#### How the negative resistor "jumps"Edit

Note the negative differential resistor is an exotic 2-terminal amplifying element since its output and input are inherently connected to each other; they are just the same! So, there is an intrinsic feedback in this device. Let's see why.

Imagine you have assembled a dynamic voltage divider by two resistors - positive and negative (no matter S- or N-shaped), connected in series and you have supplied it by a voltage source (like the tunnel diode amplifier shown in fig. 15). If you change the input voltage, this urges the current through and the voltage across the negative resistor to change as well. But the negative resistor reacts to your "intervention" by changing its instant resistance and in this way it makes the same current and voltage change again. In other words, the negative resistor changes on itself its "own" current and voltage. In electronics (and in this world at all), this mechanism is referred to as feedback. In the bistable mode, the feedback is positive and the loop gain (between the input and the output) is bigger than one. As a result, the negative resistor switches between the two states in an avalanche-like manner accelerated by this *self-reinforcing feedback*. But how does the negative resistor do this magic? As in the emulating setups above, let's put ourselves in its place (empathy) to see what it "thinks":) and what it does during the transistion...

Beginning from the one end value (one of the ends of the negative resistance region) the negative resistor "is looking for" the equilibrium point (it has to be an intersection point between the two IV curves). For this purpose, it changes vigorously its instant (chordal) resistance looking for the equilibrium point but... it does not find it somewhere on the negative resistance part. Instead, it recedes further and further from the equilibrium point in an avalanche-like manner and finally, when the negative resistance region finishes, it reaches the equilibrium point somewhere on the other positive resistance part of the curve. Thus the NDR momentarily "jumps" from the one to the other positive part running quckly the negative area (the S-shaped NDR "jumps" vertically; the N-shaped NDR "jumps" horizontally).

To show in detail the mechanism of operation, two separate graphs are presented for the cases of increasing (Fig. 12a and 13a) and decreasing (Fig. 12b and 13b) input quantity. If you superimpose the two partial curves, they will represent the whole hysteresis curves for S-shaped (Fig. 12) and N-shaped (Fig. 13) negative resistors.

#### Voltage controlled S-shaped NDREdit

To operate in a bistable mode, an S-shaped NDR should be driven by a low-resistive enough input source with internal resistance R_{G} < R_{NE}; in the extreme case, this is a perfect voltage source with R_{G} = 0.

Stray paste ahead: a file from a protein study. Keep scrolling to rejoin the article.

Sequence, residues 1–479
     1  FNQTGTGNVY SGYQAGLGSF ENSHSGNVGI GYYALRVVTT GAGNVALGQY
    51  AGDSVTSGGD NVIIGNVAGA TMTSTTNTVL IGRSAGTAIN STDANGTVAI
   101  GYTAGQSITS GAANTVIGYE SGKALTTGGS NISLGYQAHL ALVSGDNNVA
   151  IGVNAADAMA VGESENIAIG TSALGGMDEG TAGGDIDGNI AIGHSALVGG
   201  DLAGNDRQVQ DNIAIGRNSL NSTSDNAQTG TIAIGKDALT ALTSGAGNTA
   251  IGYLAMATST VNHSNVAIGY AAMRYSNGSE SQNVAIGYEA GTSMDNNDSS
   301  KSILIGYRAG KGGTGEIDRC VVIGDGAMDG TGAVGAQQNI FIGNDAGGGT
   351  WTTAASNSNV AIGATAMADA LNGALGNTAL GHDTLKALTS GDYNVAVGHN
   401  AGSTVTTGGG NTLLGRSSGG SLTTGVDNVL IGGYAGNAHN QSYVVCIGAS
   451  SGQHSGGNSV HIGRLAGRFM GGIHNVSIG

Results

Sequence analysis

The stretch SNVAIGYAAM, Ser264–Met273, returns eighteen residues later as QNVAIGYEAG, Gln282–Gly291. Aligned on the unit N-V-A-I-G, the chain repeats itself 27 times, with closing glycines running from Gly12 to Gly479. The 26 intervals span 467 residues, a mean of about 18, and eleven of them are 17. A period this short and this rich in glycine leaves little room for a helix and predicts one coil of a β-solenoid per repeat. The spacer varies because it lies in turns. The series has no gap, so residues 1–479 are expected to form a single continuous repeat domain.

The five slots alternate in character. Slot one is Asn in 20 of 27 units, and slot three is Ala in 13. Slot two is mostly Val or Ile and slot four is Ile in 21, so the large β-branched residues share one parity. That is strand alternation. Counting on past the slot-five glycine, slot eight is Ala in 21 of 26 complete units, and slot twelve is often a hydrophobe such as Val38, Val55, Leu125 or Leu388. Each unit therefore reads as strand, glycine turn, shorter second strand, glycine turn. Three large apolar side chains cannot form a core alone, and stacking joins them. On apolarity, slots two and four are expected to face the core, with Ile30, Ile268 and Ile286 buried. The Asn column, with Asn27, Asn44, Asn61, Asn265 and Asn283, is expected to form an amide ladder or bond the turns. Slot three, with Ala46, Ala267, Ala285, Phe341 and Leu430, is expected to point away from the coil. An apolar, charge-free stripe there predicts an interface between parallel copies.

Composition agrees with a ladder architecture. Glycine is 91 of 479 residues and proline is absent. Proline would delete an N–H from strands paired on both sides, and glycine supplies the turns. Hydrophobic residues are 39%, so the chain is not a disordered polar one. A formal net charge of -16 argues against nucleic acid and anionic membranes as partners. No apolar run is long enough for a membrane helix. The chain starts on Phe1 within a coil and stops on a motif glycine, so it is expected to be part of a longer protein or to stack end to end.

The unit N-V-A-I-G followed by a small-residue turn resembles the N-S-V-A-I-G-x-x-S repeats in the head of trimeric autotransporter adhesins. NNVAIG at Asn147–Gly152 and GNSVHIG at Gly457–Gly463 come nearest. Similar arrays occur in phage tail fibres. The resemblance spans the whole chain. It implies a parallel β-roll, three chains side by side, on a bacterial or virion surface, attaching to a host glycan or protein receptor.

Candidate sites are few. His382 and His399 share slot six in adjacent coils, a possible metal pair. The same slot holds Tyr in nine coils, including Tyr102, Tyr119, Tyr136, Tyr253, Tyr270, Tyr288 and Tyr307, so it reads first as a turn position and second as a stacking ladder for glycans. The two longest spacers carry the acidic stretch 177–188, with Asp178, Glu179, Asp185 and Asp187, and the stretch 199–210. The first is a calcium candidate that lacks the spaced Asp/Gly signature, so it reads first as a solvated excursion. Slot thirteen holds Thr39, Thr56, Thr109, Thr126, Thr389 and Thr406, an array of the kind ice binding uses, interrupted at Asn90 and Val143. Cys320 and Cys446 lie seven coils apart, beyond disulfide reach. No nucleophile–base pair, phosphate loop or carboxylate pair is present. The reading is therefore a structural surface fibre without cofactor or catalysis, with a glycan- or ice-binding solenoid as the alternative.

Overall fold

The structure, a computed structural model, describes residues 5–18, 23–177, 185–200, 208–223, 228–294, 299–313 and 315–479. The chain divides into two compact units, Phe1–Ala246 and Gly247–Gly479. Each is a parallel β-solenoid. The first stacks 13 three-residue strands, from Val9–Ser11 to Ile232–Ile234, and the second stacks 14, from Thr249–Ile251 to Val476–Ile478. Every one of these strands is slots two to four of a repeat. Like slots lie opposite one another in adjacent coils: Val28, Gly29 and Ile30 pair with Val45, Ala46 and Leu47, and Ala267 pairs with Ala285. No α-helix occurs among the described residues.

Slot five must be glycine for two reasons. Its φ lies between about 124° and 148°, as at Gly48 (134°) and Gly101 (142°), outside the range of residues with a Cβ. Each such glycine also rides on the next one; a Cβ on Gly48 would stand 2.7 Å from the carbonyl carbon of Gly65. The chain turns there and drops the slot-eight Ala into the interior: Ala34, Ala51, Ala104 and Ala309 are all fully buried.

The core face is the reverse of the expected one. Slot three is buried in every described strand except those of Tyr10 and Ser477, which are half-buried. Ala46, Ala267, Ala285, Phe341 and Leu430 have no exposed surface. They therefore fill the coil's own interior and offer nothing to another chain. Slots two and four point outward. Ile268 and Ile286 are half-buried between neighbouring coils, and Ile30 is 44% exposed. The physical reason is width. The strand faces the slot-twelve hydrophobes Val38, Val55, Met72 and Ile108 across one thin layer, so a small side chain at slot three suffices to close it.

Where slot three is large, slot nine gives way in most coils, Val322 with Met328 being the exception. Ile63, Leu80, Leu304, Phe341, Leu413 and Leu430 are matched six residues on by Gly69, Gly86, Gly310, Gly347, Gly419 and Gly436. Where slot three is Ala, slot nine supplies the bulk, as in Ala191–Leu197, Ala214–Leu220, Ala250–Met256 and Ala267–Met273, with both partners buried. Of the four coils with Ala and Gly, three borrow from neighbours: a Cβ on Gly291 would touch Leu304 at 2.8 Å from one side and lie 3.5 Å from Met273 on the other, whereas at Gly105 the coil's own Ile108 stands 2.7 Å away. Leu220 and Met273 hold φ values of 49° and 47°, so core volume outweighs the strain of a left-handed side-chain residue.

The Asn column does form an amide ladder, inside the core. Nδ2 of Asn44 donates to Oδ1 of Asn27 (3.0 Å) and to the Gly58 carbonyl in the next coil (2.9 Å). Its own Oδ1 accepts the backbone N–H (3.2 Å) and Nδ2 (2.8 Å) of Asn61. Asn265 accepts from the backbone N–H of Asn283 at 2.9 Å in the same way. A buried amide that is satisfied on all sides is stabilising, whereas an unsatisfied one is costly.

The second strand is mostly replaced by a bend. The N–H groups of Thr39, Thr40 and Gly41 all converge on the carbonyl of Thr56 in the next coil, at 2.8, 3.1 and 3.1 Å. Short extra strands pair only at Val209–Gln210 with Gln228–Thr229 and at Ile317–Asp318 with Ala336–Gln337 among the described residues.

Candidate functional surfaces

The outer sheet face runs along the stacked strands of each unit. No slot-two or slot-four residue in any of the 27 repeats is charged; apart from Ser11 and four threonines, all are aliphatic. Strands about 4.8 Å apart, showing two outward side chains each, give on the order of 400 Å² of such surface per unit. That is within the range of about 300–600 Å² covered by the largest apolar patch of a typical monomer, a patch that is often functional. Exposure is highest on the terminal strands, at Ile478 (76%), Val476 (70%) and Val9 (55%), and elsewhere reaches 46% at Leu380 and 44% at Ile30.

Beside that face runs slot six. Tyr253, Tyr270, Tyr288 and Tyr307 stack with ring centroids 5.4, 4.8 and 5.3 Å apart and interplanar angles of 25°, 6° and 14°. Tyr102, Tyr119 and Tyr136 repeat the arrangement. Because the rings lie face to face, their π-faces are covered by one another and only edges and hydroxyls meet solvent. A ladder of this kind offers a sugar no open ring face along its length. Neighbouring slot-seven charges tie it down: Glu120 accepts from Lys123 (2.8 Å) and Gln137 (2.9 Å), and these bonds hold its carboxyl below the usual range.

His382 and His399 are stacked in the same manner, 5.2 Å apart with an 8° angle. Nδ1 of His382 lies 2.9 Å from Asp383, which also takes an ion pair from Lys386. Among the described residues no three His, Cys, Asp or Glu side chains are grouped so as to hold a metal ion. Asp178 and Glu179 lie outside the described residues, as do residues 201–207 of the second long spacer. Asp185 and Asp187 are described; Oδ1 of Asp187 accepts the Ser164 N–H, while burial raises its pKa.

**Increasing voltage.** When the input voltage varies from zero to maximum (Fig. 12a), the S-shaped NDR keeps up high ohmic resistance in the first part. In the middle part, when increasing voltage reaches V_{H}, it decreases momentarily its instant (chordal) resistance from high to low. Its IV curve (orange) rotates counterclockwise while the voltage source IV curve stays immovable... then what is the trajectory of the operating point A? Let's try to guess - it moves up ("jumps up") along the voltage source IV curve and pictures this vertical part of its IV curve. Thus during the jump, the current increases instantly (jumps up) but the voltage stays constant (see more about the jump below). In the last part, the NDR has low ohmic resistance.

**Decreasing voltage.** When the input voltage varies back from maximum to zero (Fig. 11b), the S-shaped NDR keeps up low positive resistance in the last part. In the middle part, when decreasing voltage reaches V_{L}, it increases momentarily its ohmic (chordal) resistance from low to high. Its IV curve rotates clockwise; the operating point A moves down along the voltage source IV curve and pictures this vertical part of the curve. During the jump, the current decreases instantly (jumps down) but the voltage stays constant. In the last part, the NDR has high positive resistance.

#### Current controlled N-shaped NDREdit

To operate in a bistable mode, an N-shaped NDR should be driven by a high-resistive enough input source with internal resistance R_{G} > R_{NE}; in the extreme case, this is a perfect current source with infinite R_{G}.

**Increasing current.** When the input current varies from zero to maximum (Fig. 13a), an N-shaped NDR behaves as follows. In the first part, it keeps up low positive resistance. In the middle part, when increasing current reaches I_{H}, it increases momentarily its ohmic (chordal) resistance from low to high. Its IV curve rotates clockwise; the operating point A moves from left to right along the current source IV curve and pictures this horizontal part of the curve. During the jump, the voltage decreases instantly (jumps up) but the current stays constant (see more about the jump below). In the last part, it has high positive resistance.

**Decreasing current.** When the input current varies back from maximum to zero (Fig. 13b), the N-shaped NDR keeps up high positive resistance in the last part. In the middle part, when decreasing current reaches I_{L}, it decreases momentarily its ohmic (chordal) resistance from high to low. Its IV curve rotates counterclockwise; the operating point A moves from right to left along the current source IV curve and pictures this horizontal part of the curve. During the jump, the voltage decreases instantly (jumps down) but the current stays constant. In the first part, it has low positive resistance.

#### Where is the negative resistance during the "jump"?Edit